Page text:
It is to be understood that the forms of the invention herein illustrated and described are to be taken as preferred embodiments. Various modifications will be apparent to those skilled in the art.

Claims (15)

Having thus defined and described the invention, what is claimed is:
1. A low-density papermaking process for the manufacture of a soft, bulky and absorbent paper sheet having a basis weight between about 5 and about 40 pounds per 3,000 square feet, as measured in an uncreped state, comprising the steps of:
(a) forming a moist paper web directly between a first traveling foraminous support member and a second traveling foraminous support member comprised of filaments which form knuckles at their points of intersection and having more open interstitial area than said first foraminous support member, said second foraminous support member having between about 100 and about 3,600 mesh openings per square inch;
(b) subjecting said moist paper web to a fluid pressure differential while said web is constrained between said first traveling foraminous support member and said second traveling foraminous support member while said web is at a fiber consistency sufficiently low to permit partially displacing at least one surface of said web in small discrete deflected areas corresponding to the mesh openings in said second foraminous support member; and
(c) drying said web to a fiber consistency of at least about 30 percent without disturbing the deflected areas in said web.
2. The method of claim 1, wherein said first traveling foraminous support member comprises a Fourdrinier wire and said second traveling foraminous support member comprises a drying/imprinting fabric.
3. The method of claim 1, including the step of separating said first traveling foraminous support member from said paper web and said second traveling foraminous support member after said web has been subjected to said fluid pressure differential, said web remaining in contact with said second traveling foraminous support member.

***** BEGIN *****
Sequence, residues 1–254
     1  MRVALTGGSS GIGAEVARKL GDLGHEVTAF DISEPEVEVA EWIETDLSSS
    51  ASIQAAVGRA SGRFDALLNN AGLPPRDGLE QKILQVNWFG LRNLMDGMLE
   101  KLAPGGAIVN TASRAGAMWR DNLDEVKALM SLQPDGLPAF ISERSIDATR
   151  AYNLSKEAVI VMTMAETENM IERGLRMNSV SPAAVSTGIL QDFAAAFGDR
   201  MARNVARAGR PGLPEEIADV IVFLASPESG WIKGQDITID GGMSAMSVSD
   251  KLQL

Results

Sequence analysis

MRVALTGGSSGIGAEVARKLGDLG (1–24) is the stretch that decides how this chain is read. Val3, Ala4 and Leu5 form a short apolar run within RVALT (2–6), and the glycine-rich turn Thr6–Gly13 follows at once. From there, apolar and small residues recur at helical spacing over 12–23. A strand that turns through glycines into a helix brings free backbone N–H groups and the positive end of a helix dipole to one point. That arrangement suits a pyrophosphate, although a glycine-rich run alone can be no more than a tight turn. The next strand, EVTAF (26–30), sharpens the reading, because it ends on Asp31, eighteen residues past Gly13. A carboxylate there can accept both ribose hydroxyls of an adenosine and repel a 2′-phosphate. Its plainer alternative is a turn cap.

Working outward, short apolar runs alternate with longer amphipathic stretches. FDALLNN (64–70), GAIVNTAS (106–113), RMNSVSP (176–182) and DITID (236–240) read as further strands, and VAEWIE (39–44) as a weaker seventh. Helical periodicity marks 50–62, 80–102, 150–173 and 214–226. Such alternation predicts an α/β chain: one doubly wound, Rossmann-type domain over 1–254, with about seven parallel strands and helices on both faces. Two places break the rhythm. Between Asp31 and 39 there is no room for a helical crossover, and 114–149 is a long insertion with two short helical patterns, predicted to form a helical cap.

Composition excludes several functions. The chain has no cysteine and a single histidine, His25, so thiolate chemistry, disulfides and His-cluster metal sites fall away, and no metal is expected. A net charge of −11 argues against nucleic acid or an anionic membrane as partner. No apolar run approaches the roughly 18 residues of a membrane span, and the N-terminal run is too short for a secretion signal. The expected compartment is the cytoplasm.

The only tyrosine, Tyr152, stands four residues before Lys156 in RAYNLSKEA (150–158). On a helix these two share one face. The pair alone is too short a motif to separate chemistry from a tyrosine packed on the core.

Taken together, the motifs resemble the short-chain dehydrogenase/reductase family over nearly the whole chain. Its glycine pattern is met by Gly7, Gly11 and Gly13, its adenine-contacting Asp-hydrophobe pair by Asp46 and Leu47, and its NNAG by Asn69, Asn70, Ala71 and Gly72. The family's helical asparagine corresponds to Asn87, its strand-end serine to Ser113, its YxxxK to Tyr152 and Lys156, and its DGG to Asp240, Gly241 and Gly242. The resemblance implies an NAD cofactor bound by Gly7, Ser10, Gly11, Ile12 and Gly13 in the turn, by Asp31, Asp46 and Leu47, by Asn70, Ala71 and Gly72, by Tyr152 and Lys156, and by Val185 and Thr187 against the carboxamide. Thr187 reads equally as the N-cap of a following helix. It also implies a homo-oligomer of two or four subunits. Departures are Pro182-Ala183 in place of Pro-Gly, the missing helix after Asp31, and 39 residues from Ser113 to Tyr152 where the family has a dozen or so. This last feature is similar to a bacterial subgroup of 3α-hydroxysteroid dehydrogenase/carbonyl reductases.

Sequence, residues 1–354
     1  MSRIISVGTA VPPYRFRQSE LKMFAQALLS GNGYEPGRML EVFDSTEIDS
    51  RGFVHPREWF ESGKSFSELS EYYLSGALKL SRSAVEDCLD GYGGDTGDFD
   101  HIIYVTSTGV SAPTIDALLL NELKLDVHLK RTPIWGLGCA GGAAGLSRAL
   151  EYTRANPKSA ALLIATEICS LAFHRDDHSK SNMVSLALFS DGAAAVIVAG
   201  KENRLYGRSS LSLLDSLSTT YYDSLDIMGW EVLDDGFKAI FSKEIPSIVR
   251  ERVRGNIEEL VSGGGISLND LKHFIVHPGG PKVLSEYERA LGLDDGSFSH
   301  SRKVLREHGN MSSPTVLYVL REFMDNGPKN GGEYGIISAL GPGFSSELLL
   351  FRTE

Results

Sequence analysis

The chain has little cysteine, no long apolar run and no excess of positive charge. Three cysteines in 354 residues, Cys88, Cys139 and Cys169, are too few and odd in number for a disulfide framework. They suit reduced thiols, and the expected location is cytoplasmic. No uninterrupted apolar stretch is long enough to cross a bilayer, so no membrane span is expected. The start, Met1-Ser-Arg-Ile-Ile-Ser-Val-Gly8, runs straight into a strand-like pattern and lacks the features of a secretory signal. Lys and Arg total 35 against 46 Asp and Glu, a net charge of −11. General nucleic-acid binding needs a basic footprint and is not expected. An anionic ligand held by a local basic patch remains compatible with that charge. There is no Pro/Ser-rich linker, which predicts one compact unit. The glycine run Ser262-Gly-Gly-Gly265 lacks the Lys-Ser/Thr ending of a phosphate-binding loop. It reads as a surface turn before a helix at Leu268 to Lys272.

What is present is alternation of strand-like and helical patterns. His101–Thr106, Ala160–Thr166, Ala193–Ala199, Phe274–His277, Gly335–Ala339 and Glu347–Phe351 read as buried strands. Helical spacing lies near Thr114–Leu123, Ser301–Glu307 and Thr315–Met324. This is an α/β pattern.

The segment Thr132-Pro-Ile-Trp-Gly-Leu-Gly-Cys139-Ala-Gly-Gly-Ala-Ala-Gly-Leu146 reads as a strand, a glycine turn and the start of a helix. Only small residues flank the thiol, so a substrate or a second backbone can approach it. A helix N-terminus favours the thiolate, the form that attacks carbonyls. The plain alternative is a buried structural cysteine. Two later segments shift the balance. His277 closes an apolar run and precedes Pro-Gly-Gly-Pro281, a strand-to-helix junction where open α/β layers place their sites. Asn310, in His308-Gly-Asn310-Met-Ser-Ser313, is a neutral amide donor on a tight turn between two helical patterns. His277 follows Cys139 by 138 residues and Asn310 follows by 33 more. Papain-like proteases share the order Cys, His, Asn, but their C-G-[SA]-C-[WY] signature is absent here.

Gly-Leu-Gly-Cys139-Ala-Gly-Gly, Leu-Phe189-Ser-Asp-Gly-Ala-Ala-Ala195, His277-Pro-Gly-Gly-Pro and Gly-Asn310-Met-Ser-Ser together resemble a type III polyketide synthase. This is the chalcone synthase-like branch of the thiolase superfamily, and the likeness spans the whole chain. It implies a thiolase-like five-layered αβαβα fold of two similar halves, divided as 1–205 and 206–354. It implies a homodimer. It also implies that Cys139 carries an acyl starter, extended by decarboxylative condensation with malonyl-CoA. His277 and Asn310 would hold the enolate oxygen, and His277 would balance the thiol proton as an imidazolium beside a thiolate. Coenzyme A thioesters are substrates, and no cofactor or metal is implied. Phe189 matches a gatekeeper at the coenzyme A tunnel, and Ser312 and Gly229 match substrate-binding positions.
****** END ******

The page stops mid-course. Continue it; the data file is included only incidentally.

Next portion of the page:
4. The method of claim 3, wherein said web is thermally predried to a fiber consistency between about 30 percent and about 98 percent while said web is supported on said second traveling foraminous support member.
5. The method of claim 4, including the step of impressing the knuckles of said second traveling foraminous support member into said web by passing said second support member and said web through a nip formed between a pressure roll and a non-yielding surface.
6. The method of claim 5 wherein said non-yielding surface comprises a Yankee dryer drum and said method includes the steps of adhering said paper web to the surface of said Yankee dryer drum at points corresponding to the knuckle impressions formed in said web by said second foraminous support member and thereafter finally drying said web while supported on said drum.
7. The method of claim 6, including the step of removing said web from said Yankee dryer drum by means of a creping blade.
8. The method of claim 5, wherein said web is finally dried while said web is supported on said second traveling foraminous support member.
9. The method of claim 8, including the step of mechanically micro-creping said web after removal thereof from said second traveling foraminous support member.